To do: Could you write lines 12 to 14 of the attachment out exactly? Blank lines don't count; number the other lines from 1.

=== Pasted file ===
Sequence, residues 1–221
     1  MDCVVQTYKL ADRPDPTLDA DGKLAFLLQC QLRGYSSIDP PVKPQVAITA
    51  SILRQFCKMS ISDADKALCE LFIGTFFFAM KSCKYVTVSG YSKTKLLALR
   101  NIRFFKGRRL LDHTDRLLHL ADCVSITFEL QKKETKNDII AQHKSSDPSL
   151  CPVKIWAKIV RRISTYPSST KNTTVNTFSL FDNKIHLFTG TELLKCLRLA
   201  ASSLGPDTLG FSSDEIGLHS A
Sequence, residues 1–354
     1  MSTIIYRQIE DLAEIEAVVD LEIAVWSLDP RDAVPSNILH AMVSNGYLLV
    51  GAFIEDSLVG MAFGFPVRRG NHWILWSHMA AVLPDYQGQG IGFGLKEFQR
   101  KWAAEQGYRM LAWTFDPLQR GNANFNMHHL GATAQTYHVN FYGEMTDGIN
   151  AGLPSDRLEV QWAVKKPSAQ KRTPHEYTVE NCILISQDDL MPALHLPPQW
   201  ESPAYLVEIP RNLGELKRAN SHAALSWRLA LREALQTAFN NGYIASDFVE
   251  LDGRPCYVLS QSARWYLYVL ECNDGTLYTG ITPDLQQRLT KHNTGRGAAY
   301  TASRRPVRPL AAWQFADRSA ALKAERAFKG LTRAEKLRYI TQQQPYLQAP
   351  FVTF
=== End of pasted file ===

   201  ESPAYLVEIP RNLGELKRAN SHAALSWRLA LREALQTAFN NGYIASDFVE
   251  LDGRPCYVLS QSARWYLYVL ECNDGTLYTG ITPDLQQRLT KHNTGRGAAY
   301  TASRRPVRPL AAWQFADRSA ALKAERAFKG LTRAEKLRYI TQQQPYLQAP